White House suggests no conditions in revival of Iran nuke deal

She said the investigations led by the International Atomic Energy Agency (IAEA) "are not political" and "are not leverage or bargaining chips".
Karine Jean-Pierre
Karine Jean-PierreIANS

WASHINGTON: White House Press Secretary Karine Jean-Pierre suggested that there should not be any conditionality between a revival of the 2015 Iran nuclear deal and the conclusion of watchdog probes.

Addressing the media on Friday, Jean-Pierre made the remarks referring to the deal known as the Joint Comprehensive Plan of Action (JCPOA) and investigations related to Iran's obligations under the Non-Proliferation Treaty, reports Xinhua news agency.

She said the investigations led by the International Atomic Energy Agency (IAEA) "are not political" and "are not leverage or bargaining chips".

"We are unbending in our support for the IAEA's independence... It would be preferable to return to the JCPOA without any open safeguard issues," the Press Secretary added.

If the US makes the "right decision", negotiations can be concluded quickly, Mohammad Marandi, an advisor to Iran's nuclear negotiation team, said on Friday.

"Iran has responded as promised. It's time for the (US President Joe) Biden team to make a serious decision," Marandi tweeted hours after Iran's Foreign Ministry Spokesman Nasser Kanaani said that Tehran had given answers to the Washington on the European Union's draft of a potential nuclear agreement.

"The submitted text has a constructive approach with the aim of finalizing the negotiations," Kanaani said in a statement.

The US State Department confirmed they have received Iran's response through the European Union (EU).

"We are studying it and will respond through the EU, but unfortunately it is not constructive," a Department spokesman was quoted by some Western media outlets as saying.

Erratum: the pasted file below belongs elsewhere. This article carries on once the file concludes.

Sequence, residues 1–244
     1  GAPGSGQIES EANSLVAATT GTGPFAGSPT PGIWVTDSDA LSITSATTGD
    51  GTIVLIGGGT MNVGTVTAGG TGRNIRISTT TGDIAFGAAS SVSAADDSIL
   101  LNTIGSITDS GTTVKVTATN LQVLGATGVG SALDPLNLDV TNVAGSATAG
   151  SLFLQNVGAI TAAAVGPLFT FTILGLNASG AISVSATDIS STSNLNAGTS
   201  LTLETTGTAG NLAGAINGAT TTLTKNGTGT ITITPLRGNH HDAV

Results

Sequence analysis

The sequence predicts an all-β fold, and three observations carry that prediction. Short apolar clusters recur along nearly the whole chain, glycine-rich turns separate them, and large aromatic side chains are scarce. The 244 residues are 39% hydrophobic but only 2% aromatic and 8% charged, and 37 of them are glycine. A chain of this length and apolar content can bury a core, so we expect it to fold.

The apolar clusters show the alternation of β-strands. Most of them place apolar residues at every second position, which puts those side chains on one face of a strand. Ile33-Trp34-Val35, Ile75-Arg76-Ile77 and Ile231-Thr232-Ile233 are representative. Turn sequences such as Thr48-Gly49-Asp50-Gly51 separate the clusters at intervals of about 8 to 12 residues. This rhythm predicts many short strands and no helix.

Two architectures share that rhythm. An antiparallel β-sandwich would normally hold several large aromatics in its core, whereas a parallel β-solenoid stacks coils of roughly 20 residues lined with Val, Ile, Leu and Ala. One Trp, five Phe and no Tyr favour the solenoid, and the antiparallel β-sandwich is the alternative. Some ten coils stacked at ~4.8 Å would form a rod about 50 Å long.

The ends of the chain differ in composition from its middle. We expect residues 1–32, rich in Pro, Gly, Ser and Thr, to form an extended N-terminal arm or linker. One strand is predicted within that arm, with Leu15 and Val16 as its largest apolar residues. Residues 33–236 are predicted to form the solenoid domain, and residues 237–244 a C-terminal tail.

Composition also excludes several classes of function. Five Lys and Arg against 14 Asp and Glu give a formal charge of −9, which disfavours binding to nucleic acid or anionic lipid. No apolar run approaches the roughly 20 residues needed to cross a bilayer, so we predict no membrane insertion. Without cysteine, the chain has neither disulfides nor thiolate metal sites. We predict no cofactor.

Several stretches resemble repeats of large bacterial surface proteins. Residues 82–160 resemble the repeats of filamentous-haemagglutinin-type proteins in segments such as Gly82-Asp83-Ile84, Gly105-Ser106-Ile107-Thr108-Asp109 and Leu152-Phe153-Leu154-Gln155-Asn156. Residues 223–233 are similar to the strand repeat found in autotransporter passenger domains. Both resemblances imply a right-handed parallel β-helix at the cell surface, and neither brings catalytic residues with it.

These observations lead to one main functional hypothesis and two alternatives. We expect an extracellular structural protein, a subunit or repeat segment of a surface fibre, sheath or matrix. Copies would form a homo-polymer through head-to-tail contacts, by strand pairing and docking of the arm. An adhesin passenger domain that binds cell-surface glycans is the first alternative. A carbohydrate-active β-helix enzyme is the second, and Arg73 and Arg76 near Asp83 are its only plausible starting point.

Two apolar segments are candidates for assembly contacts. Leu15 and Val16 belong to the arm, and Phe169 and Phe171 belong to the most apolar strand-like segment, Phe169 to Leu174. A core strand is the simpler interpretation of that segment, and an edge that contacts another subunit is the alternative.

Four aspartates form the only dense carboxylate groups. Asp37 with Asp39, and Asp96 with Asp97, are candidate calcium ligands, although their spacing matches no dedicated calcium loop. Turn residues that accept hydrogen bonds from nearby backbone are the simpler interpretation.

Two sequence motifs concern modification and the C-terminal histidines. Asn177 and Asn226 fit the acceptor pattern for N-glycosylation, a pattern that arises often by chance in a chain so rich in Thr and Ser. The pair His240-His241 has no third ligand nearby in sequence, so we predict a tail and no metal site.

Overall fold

"For the US, 'constructive' usually means accepting US terms. For Iran, it means a deal that is balanced and protected," Marandi said.

Iran and the US are indirectly exchanging views about a recent EU proposal aimed at resolving the outstanding issues on the revival of the JCPOA.

Iran signed the JCPOA with world powers in July 2015, agreeing to curb its nuclear program in return for the removal of sanctions on the country.

However, former US President Donald Trump pulled Washington out of the agreement and reimposed unilateral sanctions on Tehran, prompting the latter to drop some of its commitments under the pact.

The talks on the revival of the 2015 nuclear deal began in April 2021 in Vienna but were suspended in March this year because of political differences between Tehran and Washington.

The latest round of the nuclear talks was held in the Austrian capital in early August after a five-month hiatus.

On August 8, the EU put forward a "final text" of the draft decision on reviving the deal.

Visit news.dtnext.in to explore our interactive epaper!

Download the DT Next app for more exciting features!

Click here for iOS

Click here for Android

Related Stories

No stories found.
DT next
www.dtnext.in